Meta-Control in Pigeons (Columba livia) and the Role of the Commissura Anterior
AbstractMeta-control describes an interhemispheric response conflict that results from the perception of stimuli that elicit a different reaction in each hemisphere. The dominant hemisphere for the perceived stimulus class often wins this competition. There is evidence from pigeons that meta-control results from interhemispheric response conflicts that prolong reaction time when the animal is confronted with conflicting information. However, recent evidence in pigeons also makes it likely that the dominant hemisphere can slow down the subdominant hemisphere, such that meta-control could instead result from the interhemispheric speed differences. Since both explanations make different predictions for the effect of commissurotomy, we tested pigeons in a meta-control task both before and after transection of the commissura anterior. This fiber pathway is the largest pallial commissura of the avian brain. The results revealed a transient phase in which meta-control possibly resulted from interhemispheric response conflicts. In subsequent sessions and after commissurotomy, however, the results suggest interhemispheric speed differences as a basis for meta-control. Furthermore, they reveal that meta-control is modified by interhemispheric transmission via the commissura anterior, although it does not seem to depend on it. View Full-Text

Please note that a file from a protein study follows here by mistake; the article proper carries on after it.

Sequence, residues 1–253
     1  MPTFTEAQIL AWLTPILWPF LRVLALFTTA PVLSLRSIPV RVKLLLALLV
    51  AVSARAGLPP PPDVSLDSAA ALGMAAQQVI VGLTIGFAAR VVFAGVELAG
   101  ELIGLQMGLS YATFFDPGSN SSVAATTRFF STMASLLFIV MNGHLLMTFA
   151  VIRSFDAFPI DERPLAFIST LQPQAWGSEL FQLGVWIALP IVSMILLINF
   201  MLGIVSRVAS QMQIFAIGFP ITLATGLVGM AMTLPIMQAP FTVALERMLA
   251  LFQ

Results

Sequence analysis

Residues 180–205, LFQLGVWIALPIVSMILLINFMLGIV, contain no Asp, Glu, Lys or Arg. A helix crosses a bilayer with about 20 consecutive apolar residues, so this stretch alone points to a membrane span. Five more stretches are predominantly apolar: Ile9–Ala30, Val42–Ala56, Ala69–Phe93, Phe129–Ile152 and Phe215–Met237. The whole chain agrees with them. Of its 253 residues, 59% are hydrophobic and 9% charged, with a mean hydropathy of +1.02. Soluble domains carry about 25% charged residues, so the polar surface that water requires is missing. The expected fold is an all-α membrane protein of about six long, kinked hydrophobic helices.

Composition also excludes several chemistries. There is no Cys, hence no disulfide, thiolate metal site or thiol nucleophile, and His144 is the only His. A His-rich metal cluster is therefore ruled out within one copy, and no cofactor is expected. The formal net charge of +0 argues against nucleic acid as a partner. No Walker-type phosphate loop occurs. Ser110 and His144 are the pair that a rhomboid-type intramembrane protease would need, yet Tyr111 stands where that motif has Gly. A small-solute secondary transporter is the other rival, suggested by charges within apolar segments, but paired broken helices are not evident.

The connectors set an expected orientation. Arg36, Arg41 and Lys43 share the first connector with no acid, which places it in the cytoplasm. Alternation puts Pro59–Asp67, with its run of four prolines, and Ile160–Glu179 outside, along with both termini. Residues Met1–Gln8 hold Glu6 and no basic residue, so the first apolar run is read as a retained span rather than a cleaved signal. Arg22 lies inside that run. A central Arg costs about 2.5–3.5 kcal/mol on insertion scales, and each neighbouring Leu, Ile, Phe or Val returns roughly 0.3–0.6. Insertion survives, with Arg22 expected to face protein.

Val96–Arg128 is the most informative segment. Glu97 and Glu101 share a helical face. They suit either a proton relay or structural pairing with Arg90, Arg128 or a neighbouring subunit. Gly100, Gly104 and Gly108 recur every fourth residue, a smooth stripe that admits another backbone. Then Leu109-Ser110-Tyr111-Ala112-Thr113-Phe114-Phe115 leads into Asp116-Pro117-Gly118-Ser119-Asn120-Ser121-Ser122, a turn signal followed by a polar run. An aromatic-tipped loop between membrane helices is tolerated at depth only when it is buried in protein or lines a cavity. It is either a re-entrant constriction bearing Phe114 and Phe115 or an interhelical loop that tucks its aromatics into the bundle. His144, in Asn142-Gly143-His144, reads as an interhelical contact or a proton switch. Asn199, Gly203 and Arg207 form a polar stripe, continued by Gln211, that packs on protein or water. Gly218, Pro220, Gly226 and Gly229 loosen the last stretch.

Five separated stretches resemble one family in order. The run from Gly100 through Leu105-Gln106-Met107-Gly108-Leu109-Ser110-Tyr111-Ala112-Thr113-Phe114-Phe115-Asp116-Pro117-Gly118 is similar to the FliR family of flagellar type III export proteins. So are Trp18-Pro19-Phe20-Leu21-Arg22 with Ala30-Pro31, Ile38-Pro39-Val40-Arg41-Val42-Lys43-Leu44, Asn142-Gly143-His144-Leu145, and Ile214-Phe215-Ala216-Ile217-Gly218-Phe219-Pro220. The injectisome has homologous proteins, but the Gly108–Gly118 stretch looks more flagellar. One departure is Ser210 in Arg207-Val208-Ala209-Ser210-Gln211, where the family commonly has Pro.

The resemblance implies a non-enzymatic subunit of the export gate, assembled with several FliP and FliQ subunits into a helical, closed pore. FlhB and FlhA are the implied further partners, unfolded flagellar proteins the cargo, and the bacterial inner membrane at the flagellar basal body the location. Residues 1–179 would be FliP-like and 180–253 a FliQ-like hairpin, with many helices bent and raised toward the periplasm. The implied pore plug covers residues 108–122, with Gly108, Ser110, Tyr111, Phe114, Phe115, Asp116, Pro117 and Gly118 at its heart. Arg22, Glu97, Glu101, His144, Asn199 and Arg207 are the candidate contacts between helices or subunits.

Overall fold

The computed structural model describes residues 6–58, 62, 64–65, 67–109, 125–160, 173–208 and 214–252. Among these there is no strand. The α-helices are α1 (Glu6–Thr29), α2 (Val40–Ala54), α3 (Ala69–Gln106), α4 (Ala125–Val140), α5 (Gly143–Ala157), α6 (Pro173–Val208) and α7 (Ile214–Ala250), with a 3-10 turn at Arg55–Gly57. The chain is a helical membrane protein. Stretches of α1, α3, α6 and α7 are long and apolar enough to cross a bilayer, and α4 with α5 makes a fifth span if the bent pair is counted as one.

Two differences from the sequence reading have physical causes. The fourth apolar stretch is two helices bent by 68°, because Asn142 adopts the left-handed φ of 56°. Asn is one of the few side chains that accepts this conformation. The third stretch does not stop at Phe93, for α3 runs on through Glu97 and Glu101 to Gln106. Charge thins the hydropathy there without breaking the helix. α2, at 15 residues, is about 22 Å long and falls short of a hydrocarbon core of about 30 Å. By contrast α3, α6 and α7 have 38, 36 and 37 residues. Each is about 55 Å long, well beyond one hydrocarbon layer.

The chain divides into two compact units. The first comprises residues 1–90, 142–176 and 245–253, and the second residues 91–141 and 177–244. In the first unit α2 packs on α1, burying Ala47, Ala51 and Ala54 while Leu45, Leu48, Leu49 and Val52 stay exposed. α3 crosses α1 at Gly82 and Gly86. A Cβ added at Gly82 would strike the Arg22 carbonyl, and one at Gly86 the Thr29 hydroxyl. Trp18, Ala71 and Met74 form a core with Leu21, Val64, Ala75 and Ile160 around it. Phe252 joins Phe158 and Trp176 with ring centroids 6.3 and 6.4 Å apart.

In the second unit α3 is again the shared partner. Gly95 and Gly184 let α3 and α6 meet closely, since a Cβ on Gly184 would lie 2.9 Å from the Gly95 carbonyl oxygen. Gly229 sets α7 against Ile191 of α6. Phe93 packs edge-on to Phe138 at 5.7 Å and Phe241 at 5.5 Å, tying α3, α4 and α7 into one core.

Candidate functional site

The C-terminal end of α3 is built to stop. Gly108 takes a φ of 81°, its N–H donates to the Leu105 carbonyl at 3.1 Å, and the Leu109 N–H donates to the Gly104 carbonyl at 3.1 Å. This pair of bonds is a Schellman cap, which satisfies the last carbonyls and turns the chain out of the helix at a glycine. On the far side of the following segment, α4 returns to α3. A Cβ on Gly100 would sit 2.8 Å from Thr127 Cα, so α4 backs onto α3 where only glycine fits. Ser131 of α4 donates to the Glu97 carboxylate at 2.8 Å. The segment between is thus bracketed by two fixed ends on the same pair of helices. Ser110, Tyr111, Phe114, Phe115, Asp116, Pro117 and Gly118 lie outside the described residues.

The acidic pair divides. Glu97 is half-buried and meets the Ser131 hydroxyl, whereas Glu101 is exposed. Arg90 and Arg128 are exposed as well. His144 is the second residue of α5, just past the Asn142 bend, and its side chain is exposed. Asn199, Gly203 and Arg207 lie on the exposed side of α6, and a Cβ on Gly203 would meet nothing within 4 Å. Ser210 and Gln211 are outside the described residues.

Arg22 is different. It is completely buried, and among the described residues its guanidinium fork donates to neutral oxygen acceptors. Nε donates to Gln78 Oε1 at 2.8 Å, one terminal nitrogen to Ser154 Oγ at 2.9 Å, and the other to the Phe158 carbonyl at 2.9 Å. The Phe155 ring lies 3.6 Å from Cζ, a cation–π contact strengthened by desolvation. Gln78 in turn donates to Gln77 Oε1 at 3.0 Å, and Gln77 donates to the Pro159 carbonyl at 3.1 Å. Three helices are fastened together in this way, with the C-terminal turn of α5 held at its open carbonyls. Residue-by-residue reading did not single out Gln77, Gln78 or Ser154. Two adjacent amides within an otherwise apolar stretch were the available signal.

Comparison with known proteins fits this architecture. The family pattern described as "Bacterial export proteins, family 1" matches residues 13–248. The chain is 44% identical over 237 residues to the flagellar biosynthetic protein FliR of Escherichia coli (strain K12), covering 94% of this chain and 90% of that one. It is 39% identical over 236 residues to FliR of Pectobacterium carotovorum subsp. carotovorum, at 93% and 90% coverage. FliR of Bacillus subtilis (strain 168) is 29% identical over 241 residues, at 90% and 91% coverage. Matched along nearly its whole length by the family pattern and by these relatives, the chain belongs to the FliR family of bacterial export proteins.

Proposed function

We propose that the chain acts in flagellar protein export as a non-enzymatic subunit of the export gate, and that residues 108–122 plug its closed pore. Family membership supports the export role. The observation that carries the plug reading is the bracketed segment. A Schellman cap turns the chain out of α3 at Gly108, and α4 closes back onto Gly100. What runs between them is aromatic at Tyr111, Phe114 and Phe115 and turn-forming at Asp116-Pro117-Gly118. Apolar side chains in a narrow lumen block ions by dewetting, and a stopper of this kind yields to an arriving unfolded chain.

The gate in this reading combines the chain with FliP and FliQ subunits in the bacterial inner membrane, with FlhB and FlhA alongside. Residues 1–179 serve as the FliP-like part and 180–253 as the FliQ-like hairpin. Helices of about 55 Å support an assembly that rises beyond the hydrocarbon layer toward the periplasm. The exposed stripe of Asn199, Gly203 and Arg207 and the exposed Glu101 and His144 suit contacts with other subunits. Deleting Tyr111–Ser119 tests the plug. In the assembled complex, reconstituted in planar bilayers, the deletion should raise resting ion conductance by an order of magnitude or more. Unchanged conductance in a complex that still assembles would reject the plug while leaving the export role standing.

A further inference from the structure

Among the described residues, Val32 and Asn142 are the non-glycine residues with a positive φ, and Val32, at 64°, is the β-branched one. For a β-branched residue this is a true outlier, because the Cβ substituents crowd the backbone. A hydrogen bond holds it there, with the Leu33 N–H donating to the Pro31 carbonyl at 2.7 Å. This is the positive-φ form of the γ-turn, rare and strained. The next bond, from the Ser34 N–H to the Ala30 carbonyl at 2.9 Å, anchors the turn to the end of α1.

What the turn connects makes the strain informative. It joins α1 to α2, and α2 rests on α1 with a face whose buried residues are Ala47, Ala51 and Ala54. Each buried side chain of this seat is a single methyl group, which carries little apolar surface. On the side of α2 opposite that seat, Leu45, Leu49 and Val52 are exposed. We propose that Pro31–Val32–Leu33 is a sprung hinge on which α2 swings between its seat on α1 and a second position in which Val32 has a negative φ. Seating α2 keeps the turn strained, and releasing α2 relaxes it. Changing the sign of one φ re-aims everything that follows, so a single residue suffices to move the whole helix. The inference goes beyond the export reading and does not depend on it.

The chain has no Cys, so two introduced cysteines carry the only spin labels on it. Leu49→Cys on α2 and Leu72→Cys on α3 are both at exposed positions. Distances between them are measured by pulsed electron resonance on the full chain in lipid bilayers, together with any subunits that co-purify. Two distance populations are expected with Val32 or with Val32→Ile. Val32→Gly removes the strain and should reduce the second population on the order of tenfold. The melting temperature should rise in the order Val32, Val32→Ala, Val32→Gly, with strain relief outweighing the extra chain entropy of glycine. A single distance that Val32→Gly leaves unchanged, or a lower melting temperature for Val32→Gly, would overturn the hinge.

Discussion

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Ünver, E.; Xiao, Q.; Güntürkün, O. Meta-Control in Pigeons (Columba livia) and the Role of the Commissura Anterior. Symmetry 2019, 11, 124.
Ünver E, Xiao Q, Güntürkün O. Meta-Control in Pigeons (Columba livia) and the Role of the Commissura Anterior. Symmetry. 2019; 11(2):124.Chicago/Turabian Style
Ünver, Emre; Xiao, Qian; Güntürkün, Onur. 2019. "Meta-Control in Pigeons (Columba livia) and the Role of the Commissura Anterior." Symmetry 11, no. 2: 124.
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